It’s easy for some of the smartest people to lose common sense when they're being reeled in by a catfish — an online imposter who tries to win your sympathy and your love by creating an elaborate scheme. Kurt Knutsson, a technology reporter known as “Kurt the CyberGuy,” shares his top 10 reality checks to see if you’re being baited by a catfish.
If you can identify at least two of the below scenarios, Knutsson says you could be falling prey to a scam artist.
1. Dumb Date Data
A lot of online scams start on dating websites. If you choose to use one, be on the lookout for dumb date data. Look at a person’s profile and make sure all the info adds up. For example, physical descriptions need to be proportional. If someone is 6-feet tall, they usually don’t weigh 90 lbs. Look for any other descriptions that don’t make sense.
Tip: Ask the person to take a photo holding a unique phrase or their own name on it and send it to you. Ask to have a live video talk using Skype or Facetime. Someone reluctant to speak on live video, claiming shyness or that they can’t find a camera, should be a red flag.
2. Profile Picture Test
Professional photos are a red flag. Look for amateur photos — and more than one.
Tip: Use a search engine, like Google, to search on your phone to see if the photo they’ve shared with you can be spotted elsewhere online. If you start seeing it pop up, it could mean trouble. If you see it shown with a watermark or in other settings like modeling websites, it’s likely a fake.
3. Become a Photo Detective
“This just takes it to the next level,” Knutsson says. Look for detail in photos — wedding rings, locations, activities, time of day, how they are dressed — to see if it matches. If someone claims that a photo is from a July 4th fireworks party but is dressed in a fur coat, in daylight, that might be a dead giveaway that someone is lying.
4. Cut and Paste Profile Alert
Introductory letters on dating websites are often copied by catfish scammers. See if the same information appears in other places or has been copied from someone. Put the copy in a web search engine and search for it online. Out-of-country scams often slip up here, revealing inconsistent information, such as landmarks and cultural events that don’t add up. For example, someone claiming to be from St. Louis who isn’t familiar with the iconic Gateway Arch when questioned, is likely a liar.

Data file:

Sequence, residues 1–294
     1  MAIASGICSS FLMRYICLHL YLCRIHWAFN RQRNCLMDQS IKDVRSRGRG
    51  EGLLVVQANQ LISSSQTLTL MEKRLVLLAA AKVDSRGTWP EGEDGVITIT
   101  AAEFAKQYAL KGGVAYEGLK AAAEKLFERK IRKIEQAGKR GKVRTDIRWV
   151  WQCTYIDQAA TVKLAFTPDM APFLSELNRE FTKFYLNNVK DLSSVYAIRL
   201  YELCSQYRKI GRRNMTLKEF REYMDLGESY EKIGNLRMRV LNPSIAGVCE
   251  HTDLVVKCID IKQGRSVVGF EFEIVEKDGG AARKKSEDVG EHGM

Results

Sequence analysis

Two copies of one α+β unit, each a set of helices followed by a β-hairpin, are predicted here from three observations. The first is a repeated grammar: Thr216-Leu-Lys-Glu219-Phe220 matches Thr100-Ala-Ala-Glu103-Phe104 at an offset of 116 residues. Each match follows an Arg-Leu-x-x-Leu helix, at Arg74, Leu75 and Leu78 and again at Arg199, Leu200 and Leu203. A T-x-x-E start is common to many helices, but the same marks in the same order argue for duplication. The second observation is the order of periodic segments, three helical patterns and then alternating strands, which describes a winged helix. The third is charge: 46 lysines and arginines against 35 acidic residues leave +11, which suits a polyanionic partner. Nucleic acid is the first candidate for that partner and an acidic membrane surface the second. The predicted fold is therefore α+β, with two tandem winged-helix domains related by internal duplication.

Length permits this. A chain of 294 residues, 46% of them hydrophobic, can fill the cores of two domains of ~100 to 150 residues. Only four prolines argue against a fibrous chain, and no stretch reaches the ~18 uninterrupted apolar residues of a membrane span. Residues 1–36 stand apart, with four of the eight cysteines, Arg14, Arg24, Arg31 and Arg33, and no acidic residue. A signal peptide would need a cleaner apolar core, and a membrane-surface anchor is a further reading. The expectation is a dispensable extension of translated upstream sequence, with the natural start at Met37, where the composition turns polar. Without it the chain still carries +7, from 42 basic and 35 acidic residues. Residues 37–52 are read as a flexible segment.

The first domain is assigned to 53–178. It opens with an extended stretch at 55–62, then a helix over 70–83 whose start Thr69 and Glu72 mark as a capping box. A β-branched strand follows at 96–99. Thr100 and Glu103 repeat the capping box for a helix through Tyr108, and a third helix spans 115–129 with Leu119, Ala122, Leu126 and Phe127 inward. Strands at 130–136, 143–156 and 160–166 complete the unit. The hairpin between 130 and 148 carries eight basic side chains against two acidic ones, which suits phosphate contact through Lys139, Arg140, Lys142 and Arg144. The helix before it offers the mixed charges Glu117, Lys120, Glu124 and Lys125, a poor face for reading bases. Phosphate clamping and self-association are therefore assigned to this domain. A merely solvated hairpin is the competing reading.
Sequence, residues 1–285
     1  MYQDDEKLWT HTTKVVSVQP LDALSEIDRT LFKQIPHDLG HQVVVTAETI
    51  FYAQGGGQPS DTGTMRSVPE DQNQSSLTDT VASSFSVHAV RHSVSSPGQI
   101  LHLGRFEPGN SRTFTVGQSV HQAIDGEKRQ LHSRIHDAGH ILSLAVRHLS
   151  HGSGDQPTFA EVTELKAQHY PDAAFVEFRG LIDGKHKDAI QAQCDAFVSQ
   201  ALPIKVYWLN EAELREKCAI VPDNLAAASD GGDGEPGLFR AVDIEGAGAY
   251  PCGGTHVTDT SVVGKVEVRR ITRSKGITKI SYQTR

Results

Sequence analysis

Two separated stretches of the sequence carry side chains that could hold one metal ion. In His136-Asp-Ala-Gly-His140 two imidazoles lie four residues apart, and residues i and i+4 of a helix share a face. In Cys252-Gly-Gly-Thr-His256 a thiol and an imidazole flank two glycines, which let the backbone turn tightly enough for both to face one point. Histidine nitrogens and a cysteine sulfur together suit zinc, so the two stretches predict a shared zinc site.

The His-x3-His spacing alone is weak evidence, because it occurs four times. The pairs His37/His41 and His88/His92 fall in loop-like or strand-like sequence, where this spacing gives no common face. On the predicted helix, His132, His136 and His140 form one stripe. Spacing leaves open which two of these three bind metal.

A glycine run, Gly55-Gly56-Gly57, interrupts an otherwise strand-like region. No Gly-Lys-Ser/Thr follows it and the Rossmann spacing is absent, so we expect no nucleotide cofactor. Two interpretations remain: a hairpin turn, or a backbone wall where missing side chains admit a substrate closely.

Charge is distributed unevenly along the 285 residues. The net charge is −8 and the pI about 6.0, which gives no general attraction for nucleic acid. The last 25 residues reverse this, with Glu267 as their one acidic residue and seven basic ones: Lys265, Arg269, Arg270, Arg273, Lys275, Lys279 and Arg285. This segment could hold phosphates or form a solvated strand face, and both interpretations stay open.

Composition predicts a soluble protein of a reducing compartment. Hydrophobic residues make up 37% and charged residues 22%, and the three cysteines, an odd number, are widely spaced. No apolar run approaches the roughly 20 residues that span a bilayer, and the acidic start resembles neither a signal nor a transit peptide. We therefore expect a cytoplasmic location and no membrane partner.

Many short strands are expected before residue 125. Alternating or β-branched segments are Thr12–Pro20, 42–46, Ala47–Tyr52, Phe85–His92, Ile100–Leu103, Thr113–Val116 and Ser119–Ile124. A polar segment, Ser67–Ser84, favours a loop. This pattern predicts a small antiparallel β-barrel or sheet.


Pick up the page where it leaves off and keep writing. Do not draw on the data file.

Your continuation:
5. Spelling and Grammar Fail
Hear the words when you read their writing, and check their spelling and grammar. A line that sounds like it could be from someone in a far-off country but portraying themselves to be in your same city will usually have a local dialect misfire.
Real: “I just love the Macy’s Day Parade in the city.”
Foreign Faker: “I just love the Masey’s Daytime Parades in the cities.”
6. Derailing You from the Dating Site
“The dating sites have built themselves in a way that sort of keeps you contained and sort of keeps it safe. You’re not exposing your real email addresses or phone numbers right off the bat,” Knutsson says. “The moment you see somebody try to take you off where you’re meeting, that should be a red flag.” For example, if they want to get you to instant message or email you directly, you should take caution.
Tip: Always create and use a unique email address that is different than your personal and professional addresses when setting up a dating website profile.
7. Too Serious, Too Soon
Watch out for someone rushing things. A catfish usually makes the first move, often out of left field, and sometimes creates a bogus, dreamy profile that sounds like the ideal mate you’ve described in your own dating desires. They play on your sympathy and strike when you are caught up in the romance, because that’s when you’re most vulnerable.
8. Ask a Lot of Questions
Inquire about where they are from, and verify landmarks and spellings of cities online. Blatant errors could mean it’s a scam. Catfishers like to ask you a lot of questions, but seldom let you go deep into their lives, coming up with excuses about why they are reluctant to offer more personal information about themselves. For example, they might say, “I’ve been hurt before by telling too much too soon,” which actually turns the tables on you to prove that you can be trusted — Red flag!
9. You Are Not an ATM Machine
If they ask for money, lock them out of your life. Shut off communication immediately, and close all open doors if you have a hint that it is a sympathy scam. Although most catfishers are not after money, this one should be a wake-up call to a scam.
10. “Facebook Fakers”
If someone doesn’t have a well-known social media page, like a Facebook page, but they are sophisticated enough to create an online dating profile, be warned. Also, look out for potential fake social media pages. Signs of a fake social media profile can include the fact that the page was started near the same time that a dating profile elsewhere was established.
If the person has a Twitter account, read through historic tweets to see if the story he/she tells matches up to the same the person you are prospectively dating. Like Facebook, Twitter accounts created around the same time as dating profiles should be treated with caution.
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